Government & Politics

Q&A: What would Missouri lawmakers’ abortion bill really do? That answer and more

Ginsburg: ‘There will never be a time when women of means lack choice’

Justice Ruth Bader Ginsburg spoke to Georgetown University Law Center students about her life, career and the Roe vs. Wade case as part of the Dean's Lecture to the Graduating Class series in February 2015.
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Justice Ruth Bader Ginsburg spoke to Georgetown University Law Center students about her life, career and the Roe vs. Wade case as part of the Dean's Lecture to the Graduating Class series in February 2015.

Missouri lawmakers are set to approve one of the nation’s most stringent anti-abortion bills, and Gov. Mike Parson has promised to sign it into law.

Here are some questions and answers.

What does the bill do?

It has numerous provisions, but the most noteworthy would criminalize any abortion beyond eight weeks of pregnancy, except in cases of medical emergencies. There is no exception for victims of rape or incest.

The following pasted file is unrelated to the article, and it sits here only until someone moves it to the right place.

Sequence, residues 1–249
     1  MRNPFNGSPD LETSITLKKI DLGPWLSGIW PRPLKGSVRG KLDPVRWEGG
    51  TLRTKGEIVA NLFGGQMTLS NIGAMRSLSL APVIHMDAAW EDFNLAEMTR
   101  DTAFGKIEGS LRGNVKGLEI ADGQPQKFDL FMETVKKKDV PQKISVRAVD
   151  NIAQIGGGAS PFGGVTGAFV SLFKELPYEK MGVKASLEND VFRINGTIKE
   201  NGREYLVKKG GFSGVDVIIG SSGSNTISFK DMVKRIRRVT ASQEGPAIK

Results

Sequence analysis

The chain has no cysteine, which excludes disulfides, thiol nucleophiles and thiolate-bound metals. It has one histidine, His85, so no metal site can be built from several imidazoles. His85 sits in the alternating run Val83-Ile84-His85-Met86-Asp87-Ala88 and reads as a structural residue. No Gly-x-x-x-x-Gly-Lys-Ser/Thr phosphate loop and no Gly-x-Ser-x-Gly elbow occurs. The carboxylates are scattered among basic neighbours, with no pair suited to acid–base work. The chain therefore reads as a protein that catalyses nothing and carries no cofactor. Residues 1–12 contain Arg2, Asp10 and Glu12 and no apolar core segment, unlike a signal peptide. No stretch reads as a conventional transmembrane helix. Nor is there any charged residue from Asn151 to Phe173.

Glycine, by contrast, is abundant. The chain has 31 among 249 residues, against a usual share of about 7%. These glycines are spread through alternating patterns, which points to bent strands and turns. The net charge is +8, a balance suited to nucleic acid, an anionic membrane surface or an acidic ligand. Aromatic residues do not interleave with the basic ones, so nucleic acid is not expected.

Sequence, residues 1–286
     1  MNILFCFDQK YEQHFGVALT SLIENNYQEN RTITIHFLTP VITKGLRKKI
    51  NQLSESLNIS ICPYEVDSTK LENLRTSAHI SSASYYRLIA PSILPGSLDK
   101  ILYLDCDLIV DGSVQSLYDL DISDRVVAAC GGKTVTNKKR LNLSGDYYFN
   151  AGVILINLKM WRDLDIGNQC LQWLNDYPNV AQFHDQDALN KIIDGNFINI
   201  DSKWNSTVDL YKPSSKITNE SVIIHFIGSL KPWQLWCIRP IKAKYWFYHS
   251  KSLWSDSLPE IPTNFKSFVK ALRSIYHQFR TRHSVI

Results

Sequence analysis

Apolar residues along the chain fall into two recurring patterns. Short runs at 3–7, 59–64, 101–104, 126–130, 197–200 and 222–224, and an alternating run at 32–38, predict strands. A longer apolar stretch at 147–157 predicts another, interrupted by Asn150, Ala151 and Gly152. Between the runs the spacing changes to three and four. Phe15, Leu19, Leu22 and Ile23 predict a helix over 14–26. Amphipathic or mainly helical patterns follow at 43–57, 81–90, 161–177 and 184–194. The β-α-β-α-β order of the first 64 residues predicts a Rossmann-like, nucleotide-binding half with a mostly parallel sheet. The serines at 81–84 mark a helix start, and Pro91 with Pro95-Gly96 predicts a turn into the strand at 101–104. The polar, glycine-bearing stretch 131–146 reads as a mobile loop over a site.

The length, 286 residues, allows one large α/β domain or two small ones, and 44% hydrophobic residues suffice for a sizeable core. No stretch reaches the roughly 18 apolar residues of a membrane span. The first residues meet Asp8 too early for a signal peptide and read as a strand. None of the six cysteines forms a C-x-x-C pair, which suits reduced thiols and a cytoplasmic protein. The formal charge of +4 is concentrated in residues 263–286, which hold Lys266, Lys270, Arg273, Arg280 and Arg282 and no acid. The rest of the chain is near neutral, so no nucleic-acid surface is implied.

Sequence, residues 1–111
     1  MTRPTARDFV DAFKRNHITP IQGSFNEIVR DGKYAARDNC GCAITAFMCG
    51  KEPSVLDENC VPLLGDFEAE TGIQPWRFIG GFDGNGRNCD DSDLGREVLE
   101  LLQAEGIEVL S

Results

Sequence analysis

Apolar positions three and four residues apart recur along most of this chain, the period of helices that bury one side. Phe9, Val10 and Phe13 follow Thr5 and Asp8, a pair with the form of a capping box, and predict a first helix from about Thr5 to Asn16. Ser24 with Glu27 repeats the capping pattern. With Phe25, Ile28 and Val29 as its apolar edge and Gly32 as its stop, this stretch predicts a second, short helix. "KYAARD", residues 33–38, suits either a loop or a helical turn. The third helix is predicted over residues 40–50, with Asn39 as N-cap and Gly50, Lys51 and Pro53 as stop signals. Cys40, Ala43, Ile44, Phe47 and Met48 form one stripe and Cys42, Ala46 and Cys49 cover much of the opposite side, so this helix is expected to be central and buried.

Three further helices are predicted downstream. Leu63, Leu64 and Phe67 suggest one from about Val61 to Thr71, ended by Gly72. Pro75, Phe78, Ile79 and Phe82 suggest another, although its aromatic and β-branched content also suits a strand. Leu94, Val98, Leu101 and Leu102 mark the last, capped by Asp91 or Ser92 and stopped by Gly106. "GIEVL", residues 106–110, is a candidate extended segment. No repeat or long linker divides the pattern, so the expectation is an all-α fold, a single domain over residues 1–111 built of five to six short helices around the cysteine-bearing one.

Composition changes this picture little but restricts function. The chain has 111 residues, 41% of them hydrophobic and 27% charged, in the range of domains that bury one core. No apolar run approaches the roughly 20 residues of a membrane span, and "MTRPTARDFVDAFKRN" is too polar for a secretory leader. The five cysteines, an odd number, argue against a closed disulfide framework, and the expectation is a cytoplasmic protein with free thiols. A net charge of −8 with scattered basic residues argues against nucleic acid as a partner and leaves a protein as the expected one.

Doctors who perform abortions after eight weeks face five to 15 years in prison. There is no punishment for the mother.

The bill also criminalizes abortions if they are being sought solely because of a prenatal diagnosis, test, or screening indicating Down Syndrome or the potential of Down Syndrome in an unborn child.

As a fail-safe if the eight-week ban is thrown out by the courts (see below), the bill also bars abortion after 20 weeks. Under this provision, if there is a medical emergency during the third trimester, physicians must attempt to save the child.

The bill doubles the amount of medical malpractice insurance an abortion provider is required to have. Physicians who perform medication abortions must have something called “tail insurance,” which continues to cover them after they’ve retired or changed employers.

Lastly, if the U.S. Supreme Court were to overturn its 1973 Roe v. Wade decision that legalized abortion, Missouri law would automatically ban all abortions.